In Victorian Britain married women were firmly under the control of men. They were obliged to be obedient to their husbands and could not own property independent of him. Okay it sounds great in theory, but how did it actually work?
I met a traveller from an antique land,
Who said—“Two vast and trunkless legs of stone
Stand in the desert. . . . Near them, on the sand,
Half sunk a shattered visage lies, whose frown,
And wrinkled lip, and sneer of cold command,
Tell that its sculptor well those passions read
Which yet survive, stamped on these lifeless things,
The hand that mocked them, and the heart that fed;
And on the pedestal, these words appear:
My name is Ozymandias, King of Kings;
Look on my Works, ye Mighty, and despair!
Nothing beside remains. Round the decay
Of that colossal Wreck, boundless and bare
The lone and level sands stretch far away.
Oozymandias is Percy Shelley’s most famous poem and one of the most popular in the English language. It is a very simple account of being told about a ruin in the desert in Egypt. It is interesting that this one from all his output should prove to be so enduring because on the face of it, it is quite a light bit of work. The narrator is in an antique land, or in other words one that compared to early nineteenth century England is undeveloped. He is guided to a fallen statue which has seen better days. That the boastful message on the pedestal is at odds with how time has treated it is described but not commented upon.
When I read, and indeed learned by heart, this poem as a boy I had no idea that it was describing a real monument. I had assumed that Ozymandias was a name made up for the poem. But it turns out that it is in fact a common name for the Egyptian pharaoh Ramasesses II. His statue was obtained by the British Museum at around the time the poem was written, though the poem was written before it actually arrived. Even so, it seems likely that the news that it was on its way was what inspired Shelley to write.
Although it does have a simple rhyming structure, I don’t think the rhyme is particularly prominent. You can read it without noticing them. It’s very conversational. You could imagine someone in a pub just saying it and not realising that it is poetry. As such I think it is an early example of literary writing becoming less formal.
I’d be really interested in what you think of it.
There is a notion that the history of Britain has been written by the Whigs, and that they have put their moderate progressive slant on events. Lady Antonia Fraser would certainly fall into that mould. She is famous enough as a historian for her family and marriages to not be the things that define her. But on this particular subject it is impossible not to remember that she is from a very political background. Her father was Lord Longford who served in a Labour government. She has a distinctly establishment background, and this is an account from the point of view of the establishment at the time. We don’t hear much from the point of view of the common man, or at least not directly. Their main role in the story is breaking the windows of the elites.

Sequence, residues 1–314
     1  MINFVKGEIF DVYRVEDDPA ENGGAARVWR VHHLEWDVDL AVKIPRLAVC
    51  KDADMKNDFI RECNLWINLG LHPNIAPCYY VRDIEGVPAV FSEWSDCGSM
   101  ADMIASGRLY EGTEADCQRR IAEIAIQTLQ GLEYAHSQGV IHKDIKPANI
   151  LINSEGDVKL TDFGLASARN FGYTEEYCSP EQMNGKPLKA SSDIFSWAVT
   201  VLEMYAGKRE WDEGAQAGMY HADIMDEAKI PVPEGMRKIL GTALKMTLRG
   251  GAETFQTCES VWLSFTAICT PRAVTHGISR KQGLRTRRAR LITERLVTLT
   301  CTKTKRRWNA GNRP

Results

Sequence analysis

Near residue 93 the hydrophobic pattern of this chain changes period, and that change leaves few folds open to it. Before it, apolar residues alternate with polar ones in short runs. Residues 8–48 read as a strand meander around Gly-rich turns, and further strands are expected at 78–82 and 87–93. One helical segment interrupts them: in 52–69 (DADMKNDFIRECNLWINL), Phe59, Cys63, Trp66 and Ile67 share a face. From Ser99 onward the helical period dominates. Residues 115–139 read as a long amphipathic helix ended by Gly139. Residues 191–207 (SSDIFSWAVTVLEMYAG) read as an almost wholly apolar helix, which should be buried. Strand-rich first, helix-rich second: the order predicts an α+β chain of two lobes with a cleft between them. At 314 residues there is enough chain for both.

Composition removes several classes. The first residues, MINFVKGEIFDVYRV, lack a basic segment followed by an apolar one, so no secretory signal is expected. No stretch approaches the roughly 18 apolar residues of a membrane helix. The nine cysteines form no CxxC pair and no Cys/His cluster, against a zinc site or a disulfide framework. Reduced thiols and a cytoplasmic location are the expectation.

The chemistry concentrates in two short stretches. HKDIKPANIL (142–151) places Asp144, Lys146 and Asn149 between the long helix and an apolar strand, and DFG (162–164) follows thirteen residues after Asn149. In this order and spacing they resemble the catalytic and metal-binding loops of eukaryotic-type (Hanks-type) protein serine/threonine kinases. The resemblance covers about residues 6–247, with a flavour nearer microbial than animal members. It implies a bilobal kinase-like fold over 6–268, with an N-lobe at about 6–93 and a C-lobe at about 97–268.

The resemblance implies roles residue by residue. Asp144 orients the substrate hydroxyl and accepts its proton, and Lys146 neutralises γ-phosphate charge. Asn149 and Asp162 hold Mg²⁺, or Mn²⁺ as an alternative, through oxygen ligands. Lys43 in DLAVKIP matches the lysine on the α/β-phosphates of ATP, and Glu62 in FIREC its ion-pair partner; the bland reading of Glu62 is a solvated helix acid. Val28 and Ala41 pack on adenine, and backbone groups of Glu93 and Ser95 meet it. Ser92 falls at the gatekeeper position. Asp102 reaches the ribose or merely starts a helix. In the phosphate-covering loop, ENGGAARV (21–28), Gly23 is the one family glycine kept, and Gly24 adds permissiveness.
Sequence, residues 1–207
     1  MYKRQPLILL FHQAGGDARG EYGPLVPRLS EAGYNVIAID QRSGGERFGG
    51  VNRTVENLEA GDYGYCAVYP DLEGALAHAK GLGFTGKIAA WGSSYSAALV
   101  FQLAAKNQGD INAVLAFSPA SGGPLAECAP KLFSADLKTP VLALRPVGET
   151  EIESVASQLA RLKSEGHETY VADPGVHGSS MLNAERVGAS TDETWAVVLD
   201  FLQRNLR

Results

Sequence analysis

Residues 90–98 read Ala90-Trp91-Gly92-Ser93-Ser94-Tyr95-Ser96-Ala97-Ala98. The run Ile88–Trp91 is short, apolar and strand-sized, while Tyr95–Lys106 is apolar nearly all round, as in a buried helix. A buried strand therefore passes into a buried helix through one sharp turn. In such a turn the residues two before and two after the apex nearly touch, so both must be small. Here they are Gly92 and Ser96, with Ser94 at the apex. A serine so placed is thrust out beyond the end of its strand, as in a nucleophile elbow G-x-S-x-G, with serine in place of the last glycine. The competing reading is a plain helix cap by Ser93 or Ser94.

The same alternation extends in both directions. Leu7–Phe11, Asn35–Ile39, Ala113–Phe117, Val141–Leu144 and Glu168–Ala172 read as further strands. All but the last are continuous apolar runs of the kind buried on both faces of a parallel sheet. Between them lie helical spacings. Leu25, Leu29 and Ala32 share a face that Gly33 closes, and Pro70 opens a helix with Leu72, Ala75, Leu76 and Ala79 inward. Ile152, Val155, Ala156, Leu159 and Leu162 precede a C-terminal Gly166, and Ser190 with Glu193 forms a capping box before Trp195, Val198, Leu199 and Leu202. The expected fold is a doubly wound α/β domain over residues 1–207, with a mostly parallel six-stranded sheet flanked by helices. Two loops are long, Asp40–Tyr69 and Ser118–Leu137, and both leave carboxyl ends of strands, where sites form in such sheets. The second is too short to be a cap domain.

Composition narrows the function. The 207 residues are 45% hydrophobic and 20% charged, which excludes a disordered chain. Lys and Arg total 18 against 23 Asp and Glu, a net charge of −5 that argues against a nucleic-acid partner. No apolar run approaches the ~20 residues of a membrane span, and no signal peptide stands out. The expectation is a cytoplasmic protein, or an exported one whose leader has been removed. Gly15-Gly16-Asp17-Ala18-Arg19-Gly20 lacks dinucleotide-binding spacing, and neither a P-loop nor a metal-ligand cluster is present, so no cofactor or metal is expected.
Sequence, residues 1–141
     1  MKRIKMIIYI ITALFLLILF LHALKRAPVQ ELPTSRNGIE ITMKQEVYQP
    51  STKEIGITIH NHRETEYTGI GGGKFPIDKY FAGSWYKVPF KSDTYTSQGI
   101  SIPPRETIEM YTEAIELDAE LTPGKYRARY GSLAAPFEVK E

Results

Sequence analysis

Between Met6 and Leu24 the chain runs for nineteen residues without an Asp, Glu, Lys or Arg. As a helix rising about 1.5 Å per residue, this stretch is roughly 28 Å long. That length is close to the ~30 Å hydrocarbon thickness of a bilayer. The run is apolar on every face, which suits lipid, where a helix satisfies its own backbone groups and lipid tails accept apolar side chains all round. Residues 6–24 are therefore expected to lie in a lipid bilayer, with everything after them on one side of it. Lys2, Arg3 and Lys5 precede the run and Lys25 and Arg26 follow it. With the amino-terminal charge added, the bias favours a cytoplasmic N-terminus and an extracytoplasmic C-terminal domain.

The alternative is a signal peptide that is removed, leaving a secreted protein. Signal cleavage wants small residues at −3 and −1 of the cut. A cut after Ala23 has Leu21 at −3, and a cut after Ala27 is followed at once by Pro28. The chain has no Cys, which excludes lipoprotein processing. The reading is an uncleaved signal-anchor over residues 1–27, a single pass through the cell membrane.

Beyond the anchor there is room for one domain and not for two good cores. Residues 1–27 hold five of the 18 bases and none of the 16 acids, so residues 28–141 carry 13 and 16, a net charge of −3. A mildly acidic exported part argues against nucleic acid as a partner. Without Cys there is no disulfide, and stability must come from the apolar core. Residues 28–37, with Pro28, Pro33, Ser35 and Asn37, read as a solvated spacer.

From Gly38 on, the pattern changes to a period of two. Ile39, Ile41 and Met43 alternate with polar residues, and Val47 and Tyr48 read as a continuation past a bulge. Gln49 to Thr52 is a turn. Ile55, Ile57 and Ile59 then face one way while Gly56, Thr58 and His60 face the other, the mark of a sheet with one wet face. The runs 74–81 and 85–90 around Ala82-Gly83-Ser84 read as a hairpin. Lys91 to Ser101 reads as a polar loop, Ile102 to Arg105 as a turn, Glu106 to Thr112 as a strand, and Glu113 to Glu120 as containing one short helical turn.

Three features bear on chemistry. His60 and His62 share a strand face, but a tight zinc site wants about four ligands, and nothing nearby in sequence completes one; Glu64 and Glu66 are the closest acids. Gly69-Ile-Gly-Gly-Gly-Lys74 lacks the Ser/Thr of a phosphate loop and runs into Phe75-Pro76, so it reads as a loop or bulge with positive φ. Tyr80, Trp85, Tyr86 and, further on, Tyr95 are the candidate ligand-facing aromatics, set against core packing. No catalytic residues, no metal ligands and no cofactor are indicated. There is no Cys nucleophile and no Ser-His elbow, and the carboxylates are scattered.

The launch of one of my videos on YouTube is always accompanied by a flurry of PR activity. Well actually, I just tweet it a couple of times in the hope that somebody somewhere will notice. From time to time I even get some responses. My most recent one on the death of Alaric elicited a gem of a response from @sciamannata who drew my attention to a poem on the subject by the German romantic poet August Graf von Platen. I don’t know anything about this guy apart from his dates – early nineteenth century. But reading the poem you can get a big sense of what Alaric meant to pre-unification Germans.
I had a couple of glasses of wine and decided to review a Victorian
Things are just crazy in my house sometimes. Anyway here is the video – there is no script as I was extemporising like the hell raiser that I am.
Advice to Young Men is one of the less well known of Cobbett’s books. It was published in paperback in the eighties when there was a bit of a Cobbett revival, but aside from that it has rarely troubled the shelves of bookshops. It would be a stretch to say it is a forgotten classic, and other works by Cobbett deserve the greater attention that they receive. But Advice to Young Men does have the distinction of being maybe the first self help book, beating the better known examples by Samuel Smiles and Napoleon Hill into print by many decades. It was also originally published by Cobbett himself who was the very definition of a self made man. So maybe there is some undeserved credit available there.